The rebirth of postmodern design
The market for the movement is in its infancy, but growing, thanks to scholarship and collector interest
By Nicole Swengley. Web only
Published online: 10 October 2011
LONDON. When Marc Benda of the New York gallery, Friedman Benda, unveils a major presentation of ceramics by the Italian designer, Ettore Sottsass (1917-2007), at the Pavilion of Art & Design in London, it will be the first time that many of these pieces from the 1950s and 1960s have appeared in public. It’s the right time, Benda says, to dedicate his booth to the arch-postmodernist. “Scholarship and interest has increased significantly since we started holding annual gallery shows of Sottsass in 2003,” he says.
His confidence is echoed by other PAD exhibitors. London-based Lamberty Antiques is showing two Joe chairs, shaped like giant baseball gloves (£9,500 and £11,500), from a 1990 edition of the 1971 design by Italian architects, Gionatan De Pas, Donato D’Urbino and Paolo Lomazzi (sourced from collector Tom Watkins) and a late 1980s edition of Ettore Sottsass’s 1981 Carlton Bookcase (£12,500). Meanwhile London gallerist David Gill is exhibiting two limited edition “superbox” cabinets, signed and dated by Ettore Sottsass (Rolling Stones, £45,000; Omaggio a Honda, £75,000). Originally created in 1966 as prototypes for Italian design company Poltronova, Gill’s cabinets were fabricated in 2005 with Sottsass’s consent. “More people are looking at collecting named and limited pieces and Ettore Sottsass is among the most important names of the 20th century,” says Gill.
An early pioneer in postmodern sales, Chicago-based auction house Wright frequently sees results exceeding estimates. Alessandro Mendini’s 1979 Kandissa mirror fetched $11,250 in March (est $2,000-$3,000). And last year a 1969 vase from Ettore Sottsass’ “Yantra” series sold for $13,750 (est $5,000-$7,000), a limited edition 1984 Michael Graves tea service for Alessi achieved $20,000 (est $7,000-$9,000) and a pair of 1978 Robert Venturi Sheraton chairs fetched $17,500 (est $3,000-$5,000).
“From a market perspective, valuations are still evolving,” says Richard Wright. “Early and rare works by Ettore Sottsass represent the top prices achieved at auction with prices reaching six figures. Yet all the major postmodern designers sell for a wide range of prices and interesting pieces can be bought for under $2,000, even for Sottsass. It is an exciting field to collect in as the history of the period is still largely to be written and the top works of period are still coming to market.”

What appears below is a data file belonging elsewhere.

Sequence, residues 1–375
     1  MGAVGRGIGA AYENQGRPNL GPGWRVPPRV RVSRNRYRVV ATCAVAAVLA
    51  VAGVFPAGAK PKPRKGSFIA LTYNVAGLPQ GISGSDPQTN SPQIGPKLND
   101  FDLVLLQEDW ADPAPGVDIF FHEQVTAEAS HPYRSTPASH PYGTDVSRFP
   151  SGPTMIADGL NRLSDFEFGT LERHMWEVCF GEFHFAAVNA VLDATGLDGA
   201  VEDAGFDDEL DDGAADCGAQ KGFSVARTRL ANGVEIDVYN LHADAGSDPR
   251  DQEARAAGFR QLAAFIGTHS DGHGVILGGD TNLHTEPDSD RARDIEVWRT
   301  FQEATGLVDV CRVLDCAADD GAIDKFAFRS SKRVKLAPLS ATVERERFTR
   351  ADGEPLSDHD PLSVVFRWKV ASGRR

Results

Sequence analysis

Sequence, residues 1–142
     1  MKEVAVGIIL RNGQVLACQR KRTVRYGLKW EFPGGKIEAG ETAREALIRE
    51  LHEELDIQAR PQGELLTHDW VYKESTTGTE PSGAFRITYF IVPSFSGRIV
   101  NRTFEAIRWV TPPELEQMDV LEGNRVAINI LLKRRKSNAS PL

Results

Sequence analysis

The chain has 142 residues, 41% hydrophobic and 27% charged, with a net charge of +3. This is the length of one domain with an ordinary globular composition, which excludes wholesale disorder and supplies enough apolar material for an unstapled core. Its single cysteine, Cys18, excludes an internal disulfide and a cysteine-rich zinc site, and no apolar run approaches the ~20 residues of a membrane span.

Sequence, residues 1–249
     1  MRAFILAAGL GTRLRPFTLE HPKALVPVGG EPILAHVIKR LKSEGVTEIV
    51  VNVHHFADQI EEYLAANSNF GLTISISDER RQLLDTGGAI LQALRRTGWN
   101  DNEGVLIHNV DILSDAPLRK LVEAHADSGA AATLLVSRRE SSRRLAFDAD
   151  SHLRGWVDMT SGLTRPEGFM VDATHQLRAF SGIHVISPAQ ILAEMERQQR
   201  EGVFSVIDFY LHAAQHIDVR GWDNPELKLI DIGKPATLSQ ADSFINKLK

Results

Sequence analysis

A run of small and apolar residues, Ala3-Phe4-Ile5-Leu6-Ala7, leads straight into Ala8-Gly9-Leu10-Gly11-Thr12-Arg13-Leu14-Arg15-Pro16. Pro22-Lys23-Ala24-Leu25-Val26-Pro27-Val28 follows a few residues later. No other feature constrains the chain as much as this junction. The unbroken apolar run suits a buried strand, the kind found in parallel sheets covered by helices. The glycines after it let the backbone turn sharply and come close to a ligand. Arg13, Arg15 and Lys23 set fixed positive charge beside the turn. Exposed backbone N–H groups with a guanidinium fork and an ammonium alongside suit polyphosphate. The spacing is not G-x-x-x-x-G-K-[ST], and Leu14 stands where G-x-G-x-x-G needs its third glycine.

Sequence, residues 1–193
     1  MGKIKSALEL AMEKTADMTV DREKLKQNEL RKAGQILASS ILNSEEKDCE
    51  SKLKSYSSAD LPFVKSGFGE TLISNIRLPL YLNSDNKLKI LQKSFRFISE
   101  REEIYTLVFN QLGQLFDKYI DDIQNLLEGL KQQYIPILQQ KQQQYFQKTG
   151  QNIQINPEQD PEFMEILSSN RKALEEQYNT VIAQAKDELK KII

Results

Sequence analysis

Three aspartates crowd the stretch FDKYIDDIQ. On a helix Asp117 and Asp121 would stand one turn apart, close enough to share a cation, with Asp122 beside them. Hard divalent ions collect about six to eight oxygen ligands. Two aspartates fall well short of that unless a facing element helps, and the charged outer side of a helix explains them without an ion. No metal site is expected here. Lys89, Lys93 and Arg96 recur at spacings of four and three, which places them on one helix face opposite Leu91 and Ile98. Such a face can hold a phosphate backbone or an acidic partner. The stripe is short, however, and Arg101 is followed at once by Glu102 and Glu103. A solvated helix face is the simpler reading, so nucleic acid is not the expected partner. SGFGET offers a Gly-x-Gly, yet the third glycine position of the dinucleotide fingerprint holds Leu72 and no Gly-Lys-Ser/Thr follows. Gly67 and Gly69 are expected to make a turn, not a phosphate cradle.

Although postmodernism remains contentious—a triumph of style over substance, critics say—the first in-depth survey of art, design and architecture in the 1970s and 1980s, currently showing at the V&A, is triggering interest. “Postmodernism is being critically appraised and freshly reviewed from an art history perspective because we’ve now got a degree of distance,” says Simon Andrews, a senior specialist at Christie’s 20th-century decorative art and design department.
Still, postmodern designs remain benignly accessible. “There’s more availability than for some other periods of 20th-century design,” says Benda. Christopher Wilk, the V&A’s curator of furniture, textiles and fashion, cites one reason: “Many pieces in the show, such as Nathan Silver’s Adhocist chair, were acquired from, or through, the original designers.” And Joy McCall, the head of Christie’s 20th-century decorative art and design department, explains: “Much of the furniture is quite large and needs space for display, so original collectors are now ready to sell for the practical reason that many are at the ‘downsizing’ age and looking to reduce their collections.”
Keith Johnson, a big postmodern collector with “hundreds of pieces” at home or in storage, sold 12 works including Ettore Sottsass’ Murmansk silver fruit bowl, Peter Shire’s Bel Air chair and Javier Mariscal’s Hilton Bar Trolley to the V&A and gifted four further pieces. Johnson, who is president of New York’s Urban Architecture gallery, says prices have been rising since the V&A show was announced. “I love the cacophony of ideas, concepts and influences in postmodern design. I do believe these are the antiques of the future,” he says.